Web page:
Chronic Obstructive Pulmonary Disease

Chronic Obstructive Pulmonary
By: Chantel Berenyi
Why I chose COPD?
o Internship at McKay-Dee Hospital
in Cardiac Rehab
o Career path
What is COPD?
Disease Prevalence
Signs & Symptoms
Tests & Evaluations
 Effects on exercise
 Effects of medications on
 Effects of training
 Exercise testing
 Exercise prescription
 Summary & conclusions
What is COPD?
 COPD is defined as a chronic inflammatory disease of the lung that is
characterized by progressive and irreversible airflow limitation
 There are two main forms (most have a combination):
 Chronic bronchitis: involves a long-term cough with mucus
 Inflammations of bronchial tubes
 Irritations of cilia in bronchial-lining
 Airways become clogged by debris
 Heavy secretion of mucus
What is COPD?
 Emphysema: involves destruction of the lungs over time
 Alveoli lose elasticity (flabby balloon)
 Alveoli over expand to compensate, causing the to rupture
and form cysts
 CO2 cannot be expelled properly with damaged alveoli
 Stagnant air develops causing shortness of breath
Causes of CODP
 SMOKING (leading cause)
 80% of individuals with COPD are
current or former smokers
 Environmental factors
 Secondhand smoke & pollution
 Exposure to certain gases or
 Frequent use of cooking fire w/o
 Lack of the protein “alpha-1
 Projected to be the world’s third most important cause of
mortality by 2020
 An estimated 24 million Americans have COPD
 kills more than 120,000 Americans each year—that’s 1 death
every 4 minutes
 An estimated 64 million people have COPD worldwide (2004)
 More than 3 million people worldwide died of COPD in 2005
 The disease now affects men and women almost equally
 Total deaths from COPD are projected to increase by >30% in
the next 10 yrs
Signs & Symptoms
Cough, with or without mucus
Weak quadriceps muscles
Low body weight
Many respiratory infections
Shortness of breath (dyspnea)
that gets worse with mild
 Trouble catching breath
 Wheezing
Diagnosing COPD
 Best test for COPD- spirometry (FEV1/FVC)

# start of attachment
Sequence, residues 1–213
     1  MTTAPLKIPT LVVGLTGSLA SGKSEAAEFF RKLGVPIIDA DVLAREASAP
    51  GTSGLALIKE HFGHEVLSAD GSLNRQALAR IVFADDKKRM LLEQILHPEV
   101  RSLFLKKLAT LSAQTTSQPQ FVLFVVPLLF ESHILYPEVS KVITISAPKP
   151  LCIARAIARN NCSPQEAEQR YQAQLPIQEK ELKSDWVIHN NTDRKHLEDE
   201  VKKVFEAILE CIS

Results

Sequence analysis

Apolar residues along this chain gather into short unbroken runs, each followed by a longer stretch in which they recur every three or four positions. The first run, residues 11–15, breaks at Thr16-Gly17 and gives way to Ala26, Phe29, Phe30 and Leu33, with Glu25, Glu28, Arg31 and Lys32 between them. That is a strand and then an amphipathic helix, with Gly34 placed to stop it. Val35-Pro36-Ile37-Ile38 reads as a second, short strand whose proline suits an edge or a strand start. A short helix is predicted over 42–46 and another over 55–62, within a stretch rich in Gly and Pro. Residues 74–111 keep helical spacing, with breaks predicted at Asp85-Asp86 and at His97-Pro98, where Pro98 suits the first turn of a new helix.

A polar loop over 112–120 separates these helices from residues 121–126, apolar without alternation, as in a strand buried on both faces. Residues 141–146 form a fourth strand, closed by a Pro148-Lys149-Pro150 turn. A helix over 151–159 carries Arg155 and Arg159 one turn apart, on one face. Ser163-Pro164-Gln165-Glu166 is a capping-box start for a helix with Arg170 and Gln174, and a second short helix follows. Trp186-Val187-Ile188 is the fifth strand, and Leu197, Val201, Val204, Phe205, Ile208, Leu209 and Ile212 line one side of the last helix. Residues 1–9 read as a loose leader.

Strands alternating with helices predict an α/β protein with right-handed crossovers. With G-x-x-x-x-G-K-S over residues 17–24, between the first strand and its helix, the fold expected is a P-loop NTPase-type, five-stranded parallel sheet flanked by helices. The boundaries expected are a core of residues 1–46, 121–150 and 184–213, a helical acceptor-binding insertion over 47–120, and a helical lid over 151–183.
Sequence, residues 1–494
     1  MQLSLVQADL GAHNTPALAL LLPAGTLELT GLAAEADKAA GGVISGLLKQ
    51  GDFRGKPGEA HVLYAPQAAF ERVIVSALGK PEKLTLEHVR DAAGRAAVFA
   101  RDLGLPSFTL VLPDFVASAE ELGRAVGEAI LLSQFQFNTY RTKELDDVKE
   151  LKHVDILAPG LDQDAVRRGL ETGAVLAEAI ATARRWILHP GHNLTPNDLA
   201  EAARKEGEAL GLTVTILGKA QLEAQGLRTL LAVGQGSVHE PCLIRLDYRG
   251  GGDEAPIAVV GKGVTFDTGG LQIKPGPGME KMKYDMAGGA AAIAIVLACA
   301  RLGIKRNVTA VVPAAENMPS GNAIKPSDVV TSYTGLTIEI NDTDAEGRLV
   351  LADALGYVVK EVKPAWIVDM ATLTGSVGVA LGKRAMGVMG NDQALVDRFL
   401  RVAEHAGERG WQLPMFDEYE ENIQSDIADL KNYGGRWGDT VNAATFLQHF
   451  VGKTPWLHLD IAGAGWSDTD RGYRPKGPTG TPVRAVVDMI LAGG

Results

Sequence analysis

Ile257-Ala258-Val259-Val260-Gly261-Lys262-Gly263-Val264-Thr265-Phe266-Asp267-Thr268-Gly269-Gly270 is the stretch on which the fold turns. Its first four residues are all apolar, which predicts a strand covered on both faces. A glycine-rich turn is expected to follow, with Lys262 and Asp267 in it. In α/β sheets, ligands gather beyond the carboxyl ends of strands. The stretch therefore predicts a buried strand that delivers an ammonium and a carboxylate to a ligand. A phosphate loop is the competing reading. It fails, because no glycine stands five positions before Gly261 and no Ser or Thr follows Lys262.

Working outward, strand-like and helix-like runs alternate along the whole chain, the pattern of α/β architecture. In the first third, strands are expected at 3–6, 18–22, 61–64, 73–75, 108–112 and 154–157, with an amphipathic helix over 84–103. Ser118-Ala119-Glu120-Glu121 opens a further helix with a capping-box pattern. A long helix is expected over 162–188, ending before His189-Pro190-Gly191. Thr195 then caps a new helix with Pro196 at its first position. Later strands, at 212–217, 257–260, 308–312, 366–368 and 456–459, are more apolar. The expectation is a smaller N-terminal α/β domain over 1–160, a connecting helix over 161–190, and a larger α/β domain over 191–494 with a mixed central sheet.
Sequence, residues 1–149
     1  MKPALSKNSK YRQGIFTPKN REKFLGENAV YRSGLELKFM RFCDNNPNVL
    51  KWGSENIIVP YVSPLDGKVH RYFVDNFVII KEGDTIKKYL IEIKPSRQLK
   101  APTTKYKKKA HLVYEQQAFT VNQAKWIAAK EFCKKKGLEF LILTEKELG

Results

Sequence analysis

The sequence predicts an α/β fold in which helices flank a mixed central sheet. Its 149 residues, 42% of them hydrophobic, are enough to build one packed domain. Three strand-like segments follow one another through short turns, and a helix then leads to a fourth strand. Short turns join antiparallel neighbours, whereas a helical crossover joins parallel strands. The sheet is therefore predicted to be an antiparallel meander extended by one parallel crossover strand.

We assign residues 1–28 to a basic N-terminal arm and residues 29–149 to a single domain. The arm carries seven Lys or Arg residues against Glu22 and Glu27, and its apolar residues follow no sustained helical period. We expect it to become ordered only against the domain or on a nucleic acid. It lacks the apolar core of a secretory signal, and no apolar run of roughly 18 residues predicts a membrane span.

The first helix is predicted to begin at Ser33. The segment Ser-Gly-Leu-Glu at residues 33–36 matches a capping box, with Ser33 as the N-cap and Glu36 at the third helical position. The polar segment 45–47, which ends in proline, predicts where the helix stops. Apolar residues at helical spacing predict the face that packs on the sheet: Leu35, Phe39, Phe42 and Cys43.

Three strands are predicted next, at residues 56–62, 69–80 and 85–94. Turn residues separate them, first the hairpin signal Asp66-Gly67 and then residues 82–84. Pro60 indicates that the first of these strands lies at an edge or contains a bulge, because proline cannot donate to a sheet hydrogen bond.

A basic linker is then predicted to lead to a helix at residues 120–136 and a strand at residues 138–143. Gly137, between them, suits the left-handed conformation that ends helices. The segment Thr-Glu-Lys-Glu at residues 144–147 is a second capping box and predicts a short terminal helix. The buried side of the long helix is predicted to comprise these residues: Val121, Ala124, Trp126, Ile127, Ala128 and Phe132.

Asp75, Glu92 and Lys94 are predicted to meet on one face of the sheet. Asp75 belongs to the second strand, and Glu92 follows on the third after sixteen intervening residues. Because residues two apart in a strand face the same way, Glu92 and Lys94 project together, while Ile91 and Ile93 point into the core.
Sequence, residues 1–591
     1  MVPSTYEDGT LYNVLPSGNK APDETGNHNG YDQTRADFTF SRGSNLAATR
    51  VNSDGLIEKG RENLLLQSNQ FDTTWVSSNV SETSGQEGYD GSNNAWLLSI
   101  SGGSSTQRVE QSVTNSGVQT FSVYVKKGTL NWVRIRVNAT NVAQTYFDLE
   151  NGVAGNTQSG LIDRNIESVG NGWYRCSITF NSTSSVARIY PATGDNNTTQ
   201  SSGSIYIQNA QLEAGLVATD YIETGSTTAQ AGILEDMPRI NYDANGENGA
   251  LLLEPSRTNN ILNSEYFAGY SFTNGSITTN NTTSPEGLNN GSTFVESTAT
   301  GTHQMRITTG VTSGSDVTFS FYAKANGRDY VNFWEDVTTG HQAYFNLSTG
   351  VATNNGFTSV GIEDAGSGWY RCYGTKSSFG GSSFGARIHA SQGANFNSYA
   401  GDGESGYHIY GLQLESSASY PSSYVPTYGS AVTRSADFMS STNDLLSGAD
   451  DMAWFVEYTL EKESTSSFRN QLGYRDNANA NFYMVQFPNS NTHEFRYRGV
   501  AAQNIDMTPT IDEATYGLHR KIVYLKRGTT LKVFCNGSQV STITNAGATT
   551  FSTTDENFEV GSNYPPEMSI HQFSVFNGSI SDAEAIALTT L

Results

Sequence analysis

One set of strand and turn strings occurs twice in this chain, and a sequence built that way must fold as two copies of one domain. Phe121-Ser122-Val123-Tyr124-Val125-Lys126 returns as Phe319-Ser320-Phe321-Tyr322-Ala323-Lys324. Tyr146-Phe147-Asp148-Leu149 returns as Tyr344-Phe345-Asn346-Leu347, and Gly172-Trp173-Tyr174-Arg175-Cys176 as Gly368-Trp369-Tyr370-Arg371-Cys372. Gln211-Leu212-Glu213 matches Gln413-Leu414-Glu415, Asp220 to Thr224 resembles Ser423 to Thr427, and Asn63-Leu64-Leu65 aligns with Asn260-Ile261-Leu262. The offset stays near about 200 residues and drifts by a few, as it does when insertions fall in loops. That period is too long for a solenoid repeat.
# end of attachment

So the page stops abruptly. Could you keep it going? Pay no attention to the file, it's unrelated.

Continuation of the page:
 FEV1 (forced expiratory volume in one second) Involves the amount of
air which can be forcibly exhaled from lungs in the first second of a
forced exhalation
 FVC (forced vital capacity) Involves blowing out as hard as possible after
taking the deepest breath possible into a small machine that tests lung
 COPD= <.70
 Using a stethoscope- listen to lungs
 X-ray and CT scans of lungs (but can still look normal)
 Blood tests- measure amounts of oxygen and carbon dioxide in
Treatment for COPD
 No cure for COPD
 Stop smoking- best way to slow down lung damage
 Medications:
 Inhalers (bronchodilators)
 Ipratropium (Atrovent)
 Tiotropium (Spiriva)
 Salmeterol (Serevent)
 Formoterol (Foradil)
 Albuterol
 Inhaled steroids- reduce lung inflammation
 Anti-inflammatory medication
 Montelukast (Singulair)
 Roflimulast
Treatment for COPD
 Severe cases or during flare-ups:
 Steroids by mouth or through a vein
 Bronchodilators through a nebulizer
 Oxygen therapy
 Assistance during breathing from a machine
 Antibiotics (infections can make COPD
Treatment for COPD
 May need oxygen therapy at home or constantly in
oxygen in blood is too low (< SpO₂ 80%)
 Pulmonary rehabilitation
 Can teach you to breath differently allowing you to stay
 Strengthen the lungs
 Help maintain muscular strength in legs
 Exacerbations: increase in coughing, shortness of breath
and/or amount or color of mucus coughed up
 More frequent lung infections (pneumonia)
 Increased risk of osteoporosis
 Depression or anxiety (reduction in independence)
 Problems with loosing too much weight
 Heart failure (right side of heart)
 A collapsed lung
 Sleep problems (not enough oxygen)
Effects on Exercise Response
 Hyperinflation (crucial aspect): impeded exhalation,
incomplete lung emptying, and air trapping
 When exercising: Dynamic hyperinflation is
superimposed on static hyperinflation
 Reduction in inspiratory capacity
 Smaller tidal volume
 Increased elastic and threshold work of breathing
 Dynamic hyperinflation is directly linked to
Effects on Exercise Response
 Exercise limited by cardiovascular factors:
 Deconditioned
 Impaired left ventricle function (low SpO2)
 Reduced pulmonary blood flow (low SpO2)
 Lactic acid accumulation at low work rates (peripheral
muscle deconditioning)
 Increased CO2 output (bicarbonate buffering)
 Increased ventilator requirement
Effects of Walking
 Study conducted on the effects of walking on COPD patients
 Evaluated the cardiac and respiratory responses as well as electrical